New York It requires enough concrete to build a sidewalk from New York to Miami and enough pipe to reach the top of the Empire State Building 140 times over. Workers carved out enough dirt from the ground to fill more than 100,000 dump trucks.
The colossal effort is a water filtration plant being built 10 stories beneath a Bronx driving range, a one-of-a-kind project intended to become a nearly invisible part of the city's infrastructure.
But the plant has been anything but hidden so far.
'Government at its worst'
The plant's completion date has been pushed back six years, and its price tag, which early estimates put at
$660 million, is now $2.8 billion. Costs, delays, seven-figure fines and a brush with a high-profile Mafia case have sharpened criticism of the city's handling of a project that three city watchdog agencies and a group of community leaders are monitoring.
"To build this water plant, the taxpayers are getting soaked," state Assemblyman Jeffrey Dinowitz said. "It's like government at its worst."
Despite the problems, officials say they will not be deterred from building what they see as the latest far-reaching project in a city full of grand monuments to civic imagination. Officials say they are making good progress despite a late start, and the cost increases are an unavoidable reflection of an industrywide trend.
"The need to complete important projects like the (water) plant has not diminished," Deputy Mayor for Operations Edward Skyler said.
The federal government has ordered the city to build what will be its first drinking water filtration facility, and the project is believed to be the first subterranean water plant in the nation. Its magnitude is hard to overlook: The pit at Van Cortlandt Park is so deep that large cranes merely peek above the rim.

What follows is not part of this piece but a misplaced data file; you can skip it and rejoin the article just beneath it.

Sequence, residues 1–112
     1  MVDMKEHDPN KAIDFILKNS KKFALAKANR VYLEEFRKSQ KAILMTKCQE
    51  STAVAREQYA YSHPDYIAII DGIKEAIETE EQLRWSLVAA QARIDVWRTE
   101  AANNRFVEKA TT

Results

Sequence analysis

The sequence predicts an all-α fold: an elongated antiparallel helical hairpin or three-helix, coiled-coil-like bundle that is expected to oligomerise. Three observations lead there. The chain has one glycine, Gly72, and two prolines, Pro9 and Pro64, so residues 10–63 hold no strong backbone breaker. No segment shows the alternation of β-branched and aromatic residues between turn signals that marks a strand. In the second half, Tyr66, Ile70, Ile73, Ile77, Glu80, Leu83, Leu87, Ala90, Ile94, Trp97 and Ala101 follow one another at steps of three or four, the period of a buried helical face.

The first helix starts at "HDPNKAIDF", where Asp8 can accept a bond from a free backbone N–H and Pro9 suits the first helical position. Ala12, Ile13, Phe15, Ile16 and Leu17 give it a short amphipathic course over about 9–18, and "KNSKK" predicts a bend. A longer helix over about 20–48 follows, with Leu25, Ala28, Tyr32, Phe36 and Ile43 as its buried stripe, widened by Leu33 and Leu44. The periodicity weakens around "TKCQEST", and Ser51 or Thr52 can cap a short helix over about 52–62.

By 2012, if the schedule holds, a 12-foot-wide tunnel will feed the plant up to 300 million gallons of water a day - about a quarter of the city's supply. The water will run through a complex set of steps that filter out contaminants: a chemical that makes unwanted particles clump together, air bubbles that push them to the surface to be skimmed off, and a barrier of sand and anthracite coal that strains out still more contaminants. Finally, ultraviolet light will kill bacteria and viruses small enough to have squeezed through the various filters.
New York is one of the few big U.S. cities that doesn't filter its drinking water, long a point of pride here. It does add chlorine to disinfect its water, fluoride to help prevent tooth decay and other chemicals that reduce acidity and prevent metals such as lead from leaching from pipes.
Most of city's water supply, piped in from rural upstate areas more than 75 miles away, will remain unfiltered. The Bronx plant will treat the 10 percent to 30 percent that comes from closer, more suburban reservoirs in what is known as the Croton watershed.
The federal Environmental Protection Agency ordered the city in 1993 to filter the Croton water, saying development near the reservoirs was raising the risk of contamination.
After a 1997 federal lawsuit accused New York of dragging its heels, the city paid a $1 million fine and agreed to build the Croton plant by 2006. A lawsuit over the plant's location, a wait for needed state legislation and the loss of a key contractor have since extended the completion date to 2012, but the city still rang up another $4.7 million in EPA fines for getting a late start last year.
Meanwhile, the project's price tag has skyrocketed. So has resentment among critics, who say the project is at best mismanaged, and at worst muddied by building-industry influence.
They question whether the city understated the cost of building underground in the city - and not aboveground in the suburbs 20 miles to the north - in the face of heavy lobbying from city-based labor unions and construction industry groups.
"I have never understood how putting a building underground is cheaper than putting a building aboveground," said the Rev. Richard Gorman, a local community board chairman.